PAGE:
Sedation for Dental Treatment
Not seeing your dentists because of fear and anxiety may lead to unwanted deterioration of dental health. Sedation dentistry helps you to feel more relaxed and comfortable on the dental chair during treatments.
Your periodontist will need to review your medical history before telling you which type of sedation best fits your needs. There are a few different levels of sedation listed below
Nitrous Oxide Inhalation Sedation
Commonly known as laughing gas, nitrous oxide is a suitable sedation for patients with mild-to-moderate anxiety. A nose piece is placed over the patient’s nose, and through the nose piece both oxygen and nitrous oxide are delivered. Many patients find that nitrous oxide helps them to take the “edge off” during dental treatment. Patient will be breathing 100% oxygen for a few minutes at the end of treatment. The main advantage of nitrous oxide sedation is that its effects can quickly be reversed, so that patient can resume his/her normal activities following the treatment.
Oral sedation is appropriate for patients with mild-to-moderate anxiety, who are undergoing a longer dental treatment. The patient will take the oral sedative medication about an hour prior to the dental appointment. The medication will make the patient somewhat relaxed and sleepy, but still conscious so that verbal communication between the dentist and the patient is possible. Depending on the types of oral sedatives given to patient, several hours are required following the administration of the sedatives before its effects are worn off. Therefore, it is essential that a patient is accompanied by someone who can drive home following treatment. Fasting of at least 6 hours is necessary prior to administering oral sedation.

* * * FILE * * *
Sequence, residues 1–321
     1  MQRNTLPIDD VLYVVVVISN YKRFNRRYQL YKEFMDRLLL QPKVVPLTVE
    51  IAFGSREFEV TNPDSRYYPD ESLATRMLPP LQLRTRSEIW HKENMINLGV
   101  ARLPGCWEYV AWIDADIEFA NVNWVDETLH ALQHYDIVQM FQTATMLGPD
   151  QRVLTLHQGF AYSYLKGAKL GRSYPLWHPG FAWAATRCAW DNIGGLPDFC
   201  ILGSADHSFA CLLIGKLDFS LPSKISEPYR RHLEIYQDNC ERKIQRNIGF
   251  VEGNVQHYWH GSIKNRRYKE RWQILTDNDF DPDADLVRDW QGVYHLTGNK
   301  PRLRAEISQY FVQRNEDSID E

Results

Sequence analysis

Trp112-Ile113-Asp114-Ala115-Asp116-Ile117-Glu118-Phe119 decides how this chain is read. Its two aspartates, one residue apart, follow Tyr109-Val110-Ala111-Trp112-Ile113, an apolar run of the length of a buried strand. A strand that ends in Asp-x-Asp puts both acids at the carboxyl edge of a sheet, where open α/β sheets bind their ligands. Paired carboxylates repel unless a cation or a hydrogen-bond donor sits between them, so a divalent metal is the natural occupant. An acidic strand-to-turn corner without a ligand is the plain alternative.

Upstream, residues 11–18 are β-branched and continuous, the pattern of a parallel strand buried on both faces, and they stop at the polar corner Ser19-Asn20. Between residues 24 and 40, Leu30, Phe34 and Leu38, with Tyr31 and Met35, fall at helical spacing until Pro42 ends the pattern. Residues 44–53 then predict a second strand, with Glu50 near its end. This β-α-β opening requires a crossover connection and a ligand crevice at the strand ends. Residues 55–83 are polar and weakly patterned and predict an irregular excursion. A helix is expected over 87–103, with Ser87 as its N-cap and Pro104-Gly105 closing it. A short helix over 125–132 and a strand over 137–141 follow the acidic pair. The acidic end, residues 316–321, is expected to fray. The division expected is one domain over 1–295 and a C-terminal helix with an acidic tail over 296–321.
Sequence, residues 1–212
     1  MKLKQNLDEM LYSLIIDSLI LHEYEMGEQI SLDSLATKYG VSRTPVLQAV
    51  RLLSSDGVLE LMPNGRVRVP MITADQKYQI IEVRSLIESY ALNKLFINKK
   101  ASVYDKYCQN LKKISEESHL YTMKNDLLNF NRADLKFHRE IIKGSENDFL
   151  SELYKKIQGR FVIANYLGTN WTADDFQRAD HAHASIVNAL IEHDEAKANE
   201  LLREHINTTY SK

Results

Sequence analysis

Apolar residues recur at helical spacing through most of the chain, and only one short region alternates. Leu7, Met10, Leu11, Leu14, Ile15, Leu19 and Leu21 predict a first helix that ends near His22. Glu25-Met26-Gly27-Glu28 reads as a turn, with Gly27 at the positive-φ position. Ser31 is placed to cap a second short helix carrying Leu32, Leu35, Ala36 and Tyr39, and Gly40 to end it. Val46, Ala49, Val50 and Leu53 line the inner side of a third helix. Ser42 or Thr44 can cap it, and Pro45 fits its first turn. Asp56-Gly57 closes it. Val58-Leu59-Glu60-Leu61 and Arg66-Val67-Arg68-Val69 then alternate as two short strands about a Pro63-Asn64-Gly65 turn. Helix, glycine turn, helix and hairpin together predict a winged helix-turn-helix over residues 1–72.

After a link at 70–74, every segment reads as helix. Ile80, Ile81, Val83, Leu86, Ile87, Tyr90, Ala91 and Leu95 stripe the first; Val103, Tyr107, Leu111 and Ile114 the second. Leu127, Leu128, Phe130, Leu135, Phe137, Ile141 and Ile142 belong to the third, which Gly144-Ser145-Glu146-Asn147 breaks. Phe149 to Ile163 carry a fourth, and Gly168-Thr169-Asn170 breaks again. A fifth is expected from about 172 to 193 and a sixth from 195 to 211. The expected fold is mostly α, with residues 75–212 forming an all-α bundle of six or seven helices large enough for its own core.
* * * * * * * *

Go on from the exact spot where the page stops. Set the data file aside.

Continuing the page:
Combined Nitrous Oxide & Oral Sedation
Nitrous oxide and oral sedation can be combined together to provide a synergistic effect, making the sedation than nitrous oxide inhalation or oral sedation alone. The sedative effects achieved when nitrous oxide and oral sedation are combined are in general stronger than when either is used alone. This type of sedation is very popular among patients who do not wish to go under intravenous sedation.
Intravenous (IV) sedation provides a deeper state of relaxation, making patients for the most part unaware of the surrounding environments, and not remembering the treatment procedures. IV medications are given through a small needle inserted in patient’s arm or hand to patient’s vein. No food or liquid (a small sip of water is fine) for at least 8 hours prior to sedation is required. Someone must be present to escort the patient home, as it is unsafe to drive following IV sedation.